The authors have nothing to disclose.
The authors would like to acknowledge Dr. Kevin Bittman for his guidance in establishing the Seahorse XFp in the lab. National Institutes of Health grant GM088213 supported this work.
|100 mm, 60 mm Petri dishes||Kord-Valmark Labware Products||2900, 2901|
|1.5 mL centrifuge tubes||Globe Scientific||6285|
|15 mL conical tubes||Corning||430791|
|22 × 22 mm coverslip||Globe Scientific||1404-10|
|50 mL conical tubes||Corning||430829|
|Bacto peptone||BD, Bacto||211677|
|Bacto tryptone||BD, Bacto||211705|
|Bacto yeast extract||BD, Bacto||212705|
|Calcium chloride dihydrate (CaCl2·2H2O)||Fisher Scientific||C79-500|
|Carbonyl cyanide 4-(trifluoromethoxy)phenylhydrazone (FCCP)||Abcam||ab120081|
|Deionized water (dH2O)|
|Dimethyl sulfoxide (DMSO)||Thomas Scientific||C987Y85|
|Glass Pasteur pipettes||Krackeler Scientific||6-72050-900|
|Magnesium sulfate heptahydrate (MgSO4·7H2O)||Fisher Scientific||BP213-1|
|Potassium phosphate dibasic (K2HPO4)||Fisher Scientific||BP363-1|
|Potassium phosphate monobasic (KH2PO4)||Fisher Scientific||P285-500|
|Sodium chloride||Fisher Scientific||BP358-10|
|Sodium hydroxide (NaOH)||Fisher Scientific||BP359-500|
|Sodium phosphate dibasic anhydrous (Na2HPO4)||Fisher Scientific||BP332-1|
|Seahorse XFp Analyzer||Agilent|
|Seahorse XFp FluxPak||Agilent||103022-100|
- Nelson, D. L., Cox, M. M. Ch. 19. Lehninger Principles of Biochemistry. Ahr, K. W. H. Freeman and Company. 707-772 (2008).
- Marchi, S., et al. Mitochondrial and endoplasmic reticulum calcium homeostasis and cell death. Cell Calcium. 69, 62-72 (2018).
- Sarasija, S., et al. Presenilin mutations deregulate mitochondrial Ca(2+) homeostasis and metabolic activity causing neurodegeneration in Caenorhabditis elegans. eLife. 7, (2018).
- Luz, A. L., et al. Mitochondrial Morphology and Fundamental Parameters of the Mitochondrial Respiratory Chain Are Altered in Caenorhabditis elegans Strains Deficient in Mitochondrial Dynamics and Homeostasis Processes. PLoS One. 10, e0130940 (2015).
- Ryu, D., et al. Urolithin A induces mitophagy and prolongs lifespan in C. elegans and increases muscle function in rodents. Nature Medicine. 22, 879-888 (2016).
- Perry, C. G., Kane, D. A., Lanza, I. R., Neufer, P. D. Methods for assessing mitochondrial function in diabetes. Diabetes. 62, 1041-1053 (2013).
- Schulz, T. J., et al. Glucose restriction extends Caenorhabditis elegans life span by inducing mitochondrial respiration and increasing oxidative stress. Cell Metabolism. 6, 280-293 (2007).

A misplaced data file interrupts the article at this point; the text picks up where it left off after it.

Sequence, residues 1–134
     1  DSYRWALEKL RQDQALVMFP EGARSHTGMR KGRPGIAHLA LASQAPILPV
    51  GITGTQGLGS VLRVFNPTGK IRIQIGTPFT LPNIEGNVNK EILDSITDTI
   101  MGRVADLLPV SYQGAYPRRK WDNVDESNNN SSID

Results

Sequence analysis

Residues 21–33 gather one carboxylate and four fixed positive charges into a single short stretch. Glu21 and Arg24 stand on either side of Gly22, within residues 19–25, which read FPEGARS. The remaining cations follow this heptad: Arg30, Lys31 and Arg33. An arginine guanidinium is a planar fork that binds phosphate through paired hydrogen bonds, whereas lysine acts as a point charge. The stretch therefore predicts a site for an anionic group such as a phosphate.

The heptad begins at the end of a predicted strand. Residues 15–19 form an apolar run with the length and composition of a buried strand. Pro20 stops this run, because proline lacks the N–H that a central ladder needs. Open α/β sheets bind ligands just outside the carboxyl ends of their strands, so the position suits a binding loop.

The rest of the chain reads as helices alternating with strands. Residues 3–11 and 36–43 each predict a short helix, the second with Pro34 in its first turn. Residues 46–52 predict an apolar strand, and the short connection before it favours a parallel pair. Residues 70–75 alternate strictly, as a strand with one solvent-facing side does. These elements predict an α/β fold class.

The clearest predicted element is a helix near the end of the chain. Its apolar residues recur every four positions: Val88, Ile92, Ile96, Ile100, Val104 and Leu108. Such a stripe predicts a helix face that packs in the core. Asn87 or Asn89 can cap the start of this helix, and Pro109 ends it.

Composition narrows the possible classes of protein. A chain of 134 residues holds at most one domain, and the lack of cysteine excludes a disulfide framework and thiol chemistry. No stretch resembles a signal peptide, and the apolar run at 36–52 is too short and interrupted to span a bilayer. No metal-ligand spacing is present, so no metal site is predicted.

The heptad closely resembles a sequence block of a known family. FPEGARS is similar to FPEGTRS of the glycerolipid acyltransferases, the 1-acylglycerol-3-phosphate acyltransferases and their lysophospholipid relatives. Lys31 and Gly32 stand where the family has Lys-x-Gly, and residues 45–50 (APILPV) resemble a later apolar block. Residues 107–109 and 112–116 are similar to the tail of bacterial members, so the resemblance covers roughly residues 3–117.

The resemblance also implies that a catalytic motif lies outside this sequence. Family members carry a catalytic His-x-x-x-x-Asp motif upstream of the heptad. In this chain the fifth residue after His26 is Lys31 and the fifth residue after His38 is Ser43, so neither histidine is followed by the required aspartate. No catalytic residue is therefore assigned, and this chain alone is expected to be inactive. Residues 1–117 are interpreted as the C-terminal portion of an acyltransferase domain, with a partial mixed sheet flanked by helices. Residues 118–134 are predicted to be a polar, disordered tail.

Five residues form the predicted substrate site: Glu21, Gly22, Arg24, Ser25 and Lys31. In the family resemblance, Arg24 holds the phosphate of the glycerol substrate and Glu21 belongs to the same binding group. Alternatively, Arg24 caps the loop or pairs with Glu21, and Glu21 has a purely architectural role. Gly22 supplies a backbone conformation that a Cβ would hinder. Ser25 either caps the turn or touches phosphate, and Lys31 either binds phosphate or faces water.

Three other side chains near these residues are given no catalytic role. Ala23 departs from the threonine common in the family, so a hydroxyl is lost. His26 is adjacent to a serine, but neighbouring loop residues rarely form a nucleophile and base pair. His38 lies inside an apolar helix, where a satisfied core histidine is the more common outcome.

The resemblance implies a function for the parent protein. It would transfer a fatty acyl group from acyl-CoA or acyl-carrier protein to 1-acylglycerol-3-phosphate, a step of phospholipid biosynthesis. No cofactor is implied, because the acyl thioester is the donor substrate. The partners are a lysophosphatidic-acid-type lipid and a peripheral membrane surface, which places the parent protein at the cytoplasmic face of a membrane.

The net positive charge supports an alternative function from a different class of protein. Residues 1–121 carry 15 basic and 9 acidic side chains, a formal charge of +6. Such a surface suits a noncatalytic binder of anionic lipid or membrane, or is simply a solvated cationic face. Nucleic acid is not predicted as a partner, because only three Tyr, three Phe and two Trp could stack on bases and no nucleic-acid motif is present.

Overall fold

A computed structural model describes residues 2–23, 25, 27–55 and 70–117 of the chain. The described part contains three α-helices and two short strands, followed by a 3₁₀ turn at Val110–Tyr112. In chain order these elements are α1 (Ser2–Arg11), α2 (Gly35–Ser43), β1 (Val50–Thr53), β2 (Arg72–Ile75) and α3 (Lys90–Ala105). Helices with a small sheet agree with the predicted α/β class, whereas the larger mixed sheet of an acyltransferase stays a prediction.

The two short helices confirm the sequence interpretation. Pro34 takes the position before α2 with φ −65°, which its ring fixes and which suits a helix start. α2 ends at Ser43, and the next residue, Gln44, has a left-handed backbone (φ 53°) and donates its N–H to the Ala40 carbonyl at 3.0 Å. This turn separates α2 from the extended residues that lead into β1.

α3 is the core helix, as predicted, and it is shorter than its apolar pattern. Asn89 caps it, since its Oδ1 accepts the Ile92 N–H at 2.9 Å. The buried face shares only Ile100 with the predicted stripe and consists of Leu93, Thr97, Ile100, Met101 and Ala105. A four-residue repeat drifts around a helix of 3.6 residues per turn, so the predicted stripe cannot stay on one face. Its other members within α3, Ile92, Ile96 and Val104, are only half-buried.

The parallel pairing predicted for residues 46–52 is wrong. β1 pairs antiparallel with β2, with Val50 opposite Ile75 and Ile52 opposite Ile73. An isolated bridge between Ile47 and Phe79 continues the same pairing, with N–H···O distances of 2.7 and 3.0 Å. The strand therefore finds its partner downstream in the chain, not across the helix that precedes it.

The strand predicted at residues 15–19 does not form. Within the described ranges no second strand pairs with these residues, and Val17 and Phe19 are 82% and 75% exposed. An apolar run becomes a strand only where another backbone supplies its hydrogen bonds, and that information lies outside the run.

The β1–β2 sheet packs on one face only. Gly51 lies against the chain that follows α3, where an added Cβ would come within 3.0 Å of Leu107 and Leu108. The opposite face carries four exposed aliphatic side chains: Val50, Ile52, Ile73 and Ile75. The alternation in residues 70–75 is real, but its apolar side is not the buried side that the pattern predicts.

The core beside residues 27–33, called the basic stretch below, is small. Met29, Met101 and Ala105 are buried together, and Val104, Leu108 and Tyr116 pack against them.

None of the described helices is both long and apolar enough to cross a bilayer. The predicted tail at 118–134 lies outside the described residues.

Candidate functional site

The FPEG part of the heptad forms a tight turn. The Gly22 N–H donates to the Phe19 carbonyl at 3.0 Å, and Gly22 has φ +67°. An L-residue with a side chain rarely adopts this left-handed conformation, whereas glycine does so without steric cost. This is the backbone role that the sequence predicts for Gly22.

- Koopman, M., et al. A screening-based platform for the assessment of cellular respiration in Caenorhabditis elegans. Nature Protocols. 11, 1798-1816 (2016).
- Sarasija, S., Norman, K. R. Analysis of Mitochondrial Structure in the Body Wall Muscle of Caenorhabditis elegans. Bio-protocol. 8, (2018).
- Sarasija, S., Norman, K. R. Measurement of ROS in Caenorhabditis elegans Using a Reduced Form of Fluorescein. Bio-protocol. 8, (2018).
- Chaudhuri, J., Parihar, M., Pires-daSilva, A. An introduction to worm lab: from culturing worms to mutagenesis. Journal of Visualized Experiments. 47, (47), (2011).
- Aitlhadj, L., Sturzenbaum, S. R. The use of FUdR can cause prolonged longevity in mutant nematodes. Mechanisms of Ageing and Development. 131, 364-365 (2010).
- Rooney, J. P., et al. Effects of 5'-fluoro-2-deoxyuridine on mitochondrial biology in Caenorhabditis elegans. Experimental Gerontology. 56, 69-76 (2014).
- Van Raamsdonk, J. M., Hekimi, S. FUdR causes a twofold increase in the lifespan of the mitochondrial mutant gas-1. Mechanisms of Ageing and Development. 132, 519-521 (2011).
- Heytler, P. G., Prichard, W. W. A new class of uncoupling agents--carbonyl cyanide phenylhydrazones. Biochemical and Biophysical Research Communications. 7, 272-275 (1962).
- Massie, M. R., Lapoczka, E. M., Boggs, K. D., Stine, K. E., White, G. E. Exposure to the metabolic inhibitor sodium azide induces stress protein expression and thermotolerance in the nematode Caenorhabditis elegans. Cell Stress Chaperones. 8, 1-7 (2003).
- Levitan, D., Greenwald, I. Facilitation of lin-12-mediated signalling by sel-12, a Caenorhabditis elegans S182 Alzheimer's disease gene. Nature. 377, 351-354 (1995).
- Sherrington, R., et al. Cloning of a gene bearing missense mutations in early-onset familial Alzheimer's disease. Nature. 375, 754-760 (1995).
- Glancy, B., Balaban, R. S. Role of mitochondrial Ca2+ in the regulation of cellular energetics. Biochemistry. 51, 2959-2973 (2012).
- Sarasija, S., Norman, K. R. A gamma-Secretase Independent Role for Presenilin in Calcium Homeostasis Impacts Mitochondrial Function and Morphology in Caenorhabditis elegans. Genetics. 201, 1453-1466 (2015).